All Of 2018's LGBTQ+ Focused Movies You Need To See, From 'Freak Show' To 'Love, Simon'

by Danielle Burgos
20th Century Fox

2017 was a banner year for LGBTQ+ films, with a multitude of genres, stories, and characters across the rainbow spectrum. Call Me By Your Name got the most attention, but there were biopics like Tom Of Finland and Professor Marsden And The Wonder Women, gritty slice of life drama like Beach Rats, and spooky thrillers like Thelma. While the LGBTQ+ focused movies coming out in 2018 aren't as densely packed as the previous year, there are several coming-of-age movies dominating the scene, reflecting the joys and traumas of realizing who you are and what that might mean to the world around you.

The Miseducation Of Cameron Post and Boy Erased deal with the frightening, and frighteningly real possibility, of gay conversion therapy, to this day only banned in some states. Love, Simon's lead knows he has the support of family and friends, but still wants to stay in the closet — coming out is one of the few elements in his life he has control over, and he's determined to find romance on his own terms.

With 2017 showing queer films can appeal to wider audiences without needing to concern themselves with straight preconceptions, 2018 marks the next step forward, and so far, it's looking bright.


'The Strange Ones' (Jan. 5)

This eerie, atmospheric thriller follows two brothers on a road trip across the country. What at first appears normal soon takes a darker turn, and not even the basic premise can be trusted.


'Freak Show' (Jan. 12)

This indie charmer follows self-proclaimed "gender obliviator" Billy Bloom's high school struggle, showing how he feels and deal with the consequences of being himself and debates whether to tone it down and compromise.


'Saturday Church' (Jan. 12)

Shy, effeminate Ulysses hears music in everything he does. Just as he begins to discover his gender identity, his strict churchgoing mother demands an end to it. Ulysses runs away to the Village, where he finds a community that welcomes him with open arms.


'The Miseducation Of Cameron Post' (TBD)

A drama that doesn't lose its sense of humor, this story of a young woman forced into gay conversion therapy in 1993 has gotten rave reviews from Sundance, where it just premiered.


'A Fantastic Woman' (Feb. 2)

After her older lover dies, singer Marina is told by his family to stay away from the life they built together. Determined to be recognized, Marina won't back down.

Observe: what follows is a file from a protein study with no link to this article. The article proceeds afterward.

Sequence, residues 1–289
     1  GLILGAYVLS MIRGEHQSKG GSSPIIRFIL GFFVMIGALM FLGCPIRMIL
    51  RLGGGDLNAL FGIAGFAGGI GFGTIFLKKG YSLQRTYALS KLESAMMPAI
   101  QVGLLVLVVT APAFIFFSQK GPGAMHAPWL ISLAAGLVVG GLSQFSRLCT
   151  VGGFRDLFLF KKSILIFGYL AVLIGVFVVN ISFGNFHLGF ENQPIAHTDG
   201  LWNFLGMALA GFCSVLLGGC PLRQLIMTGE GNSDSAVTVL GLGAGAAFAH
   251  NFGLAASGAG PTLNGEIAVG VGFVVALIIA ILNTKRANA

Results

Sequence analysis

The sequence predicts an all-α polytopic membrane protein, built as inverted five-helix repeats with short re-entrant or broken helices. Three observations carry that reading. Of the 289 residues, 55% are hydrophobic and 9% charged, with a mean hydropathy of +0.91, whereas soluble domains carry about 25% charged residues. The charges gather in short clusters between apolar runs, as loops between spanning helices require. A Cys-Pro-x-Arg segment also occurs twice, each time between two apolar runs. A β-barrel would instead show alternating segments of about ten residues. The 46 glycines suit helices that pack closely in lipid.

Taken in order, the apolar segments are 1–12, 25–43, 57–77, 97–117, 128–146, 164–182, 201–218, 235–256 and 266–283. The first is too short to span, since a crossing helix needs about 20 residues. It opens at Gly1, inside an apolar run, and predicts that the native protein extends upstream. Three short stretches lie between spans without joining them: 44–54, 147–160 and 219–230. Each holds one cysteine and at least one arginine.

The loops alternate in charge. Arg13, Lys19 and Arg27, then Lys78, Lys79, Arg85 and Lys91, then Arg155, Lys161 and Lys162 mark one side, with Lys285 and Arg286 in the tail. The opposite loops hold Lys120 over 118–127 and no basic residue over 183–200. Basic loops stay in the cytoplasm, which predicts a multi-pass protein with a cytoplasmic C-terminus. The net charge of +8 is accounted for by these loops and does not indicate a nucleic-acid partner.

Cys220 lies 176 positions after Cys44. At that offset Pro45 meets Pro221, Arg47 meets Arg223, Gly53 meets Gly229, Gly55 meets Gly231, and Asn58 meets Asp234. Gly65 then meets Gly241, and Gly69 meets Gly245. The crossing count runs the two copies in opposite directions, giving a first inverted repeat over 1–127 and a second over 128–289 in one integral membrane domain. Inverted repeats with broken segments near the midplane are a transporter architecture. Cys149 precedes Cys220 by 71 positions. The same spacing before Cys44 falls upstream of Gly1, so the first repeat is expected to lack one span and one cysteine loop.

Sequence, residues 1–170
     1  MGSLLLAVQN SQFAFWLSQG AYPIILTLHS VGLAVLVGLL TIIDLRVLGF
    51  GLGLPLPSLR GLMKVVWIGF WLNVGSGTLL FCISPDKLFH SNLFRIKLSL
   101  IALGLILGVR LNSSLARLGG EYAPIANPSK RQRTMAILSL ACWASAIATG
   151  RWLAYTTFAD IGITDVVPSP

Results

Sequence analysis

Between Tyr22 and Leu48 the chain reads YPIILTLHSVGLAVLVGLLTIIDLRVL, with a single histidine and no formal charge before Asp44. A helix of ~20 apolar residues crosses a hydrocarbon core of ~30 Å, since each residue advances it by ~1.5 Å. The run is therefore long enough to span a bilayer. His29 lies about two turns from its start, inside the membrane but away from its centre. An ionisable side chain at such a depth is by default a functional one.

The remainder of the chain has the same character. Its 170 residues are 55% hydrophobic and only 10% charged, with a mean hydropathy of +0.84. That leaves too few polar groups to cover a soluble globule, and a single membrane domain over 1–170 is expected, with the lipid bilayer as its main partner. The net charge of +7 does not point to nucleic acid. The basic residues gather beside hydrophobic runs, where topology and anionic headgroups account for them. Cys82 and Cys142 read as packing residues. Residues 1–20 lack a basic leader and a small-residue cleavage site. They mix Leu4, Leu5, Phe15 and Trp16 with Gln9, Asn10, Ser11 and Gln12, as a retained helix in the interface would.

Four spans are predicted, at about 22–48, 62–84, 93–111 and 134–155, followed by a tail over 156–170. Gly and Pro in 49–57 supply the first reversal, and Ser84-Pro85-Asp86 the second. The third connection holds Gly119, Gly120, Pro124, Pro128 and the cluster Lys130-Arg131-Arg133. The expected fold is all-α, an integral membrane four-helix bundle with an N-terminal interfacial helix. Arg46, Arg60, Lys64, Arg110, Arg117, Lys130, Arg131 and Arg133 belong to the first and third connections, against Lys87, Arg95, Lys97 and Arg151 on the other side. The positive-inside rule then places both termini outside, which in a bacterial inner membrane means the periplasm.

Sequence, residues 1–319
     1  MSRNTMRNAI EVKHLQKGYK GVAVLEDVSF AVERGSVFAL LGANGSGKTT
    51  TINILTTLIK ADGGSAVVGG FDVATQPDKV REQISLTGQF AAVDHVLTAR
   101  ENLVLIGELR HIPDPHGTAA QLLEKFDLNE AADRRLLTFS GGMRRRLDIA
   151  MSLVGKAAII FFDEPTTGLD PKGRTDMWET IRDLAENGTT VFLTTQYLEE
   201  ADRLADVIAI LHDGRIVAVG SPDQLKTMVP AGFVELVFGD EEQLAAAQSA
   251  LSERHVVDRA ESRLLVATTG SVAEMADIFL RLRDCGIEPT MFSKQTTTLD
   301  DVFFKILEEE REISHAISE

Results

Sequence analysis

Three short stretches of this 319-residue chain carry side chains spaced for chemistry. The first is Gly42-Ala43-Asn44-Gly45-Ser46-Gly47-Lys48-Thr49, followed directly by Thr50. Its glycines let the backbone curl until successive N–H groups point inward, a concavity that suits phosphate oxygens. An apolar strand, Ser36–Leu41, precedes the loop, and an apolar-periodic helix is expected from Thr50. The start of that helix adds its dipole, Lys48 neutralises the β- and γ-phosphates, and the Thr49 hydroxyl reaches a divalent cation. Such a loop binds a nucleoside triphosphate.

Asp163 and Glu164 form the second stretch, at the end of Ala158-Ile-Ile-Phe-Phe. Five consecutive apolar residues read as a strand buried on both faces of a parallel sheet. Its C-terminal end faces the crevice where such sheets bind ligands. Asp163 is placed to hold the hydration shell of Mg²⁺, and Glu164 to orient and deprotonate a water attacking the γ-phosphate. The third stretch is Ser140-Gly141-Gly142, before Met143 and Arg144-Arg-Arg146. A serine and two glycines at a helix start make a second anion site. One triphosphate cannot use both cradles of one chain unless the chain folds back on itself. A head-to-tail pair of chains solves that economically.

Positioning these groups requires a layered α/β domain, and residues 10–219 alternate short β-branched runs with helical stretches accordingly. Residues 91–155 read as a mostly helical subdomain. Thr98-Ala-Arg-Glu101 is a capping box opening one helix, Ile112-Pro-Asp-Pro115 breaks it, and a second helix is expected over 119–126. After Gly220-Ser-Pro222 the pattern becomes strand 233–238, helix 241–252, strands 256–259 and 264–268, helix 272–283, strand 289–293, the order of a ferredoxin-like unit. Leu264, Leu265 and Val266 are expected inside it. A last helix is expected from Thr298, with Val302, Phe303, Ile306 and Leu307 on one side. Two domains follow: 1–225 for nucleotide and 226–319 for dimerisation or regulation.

'Every Day' (Feb. 23)

This sweet romance follows eternal soul A, who ends up in a different body every day, falling in love with a young woman who accepts them across all bodies. But their love disrupts the lives of the bodies A inhabits, and they have to decide between their own happiness, and taking agency away from others.


'Love, Simon' (March 16)

Simon finds that staying in the closet is stressing him out. When he encounters an anonymous student admitting the same problem, he comes out, but he has no idea to who.


'Disobedience' (April 27)

From the director of A Fantastic Woman comes a story of two women who reunite after tragedy pulls them back to their orthodox Jewish community. As they deal with returning to the world they fled, they realize weren't just fleeing religious suppression, but their own desires.


'Boy Erased' (Sept. 28)

Based on the memoir of Garrard Connelly and featuring Russell Crowe and Nicole Kidman, this is the story of a son outed to his religious family. His father, a Baptist pastor, gives him a choice — enter gay conversion therapy, or be forever shunned by everyone he knows.


'Vita And Virginia' (TBD)

The story behind the historical romance that led to Virginia Woolfe's book Orlando, following Woolfe's romance and friendship with Vita Sackville-West.

As schedules shuffle and film festivals roll through, there's likely to be even more movies reflecting the wider range of humanity outside Hollywood's narrow focus. Given the positive reception of so many LGBTQ+ movies in the past year, it seems that distributors, producers, and the entire film industry are finally taking notice.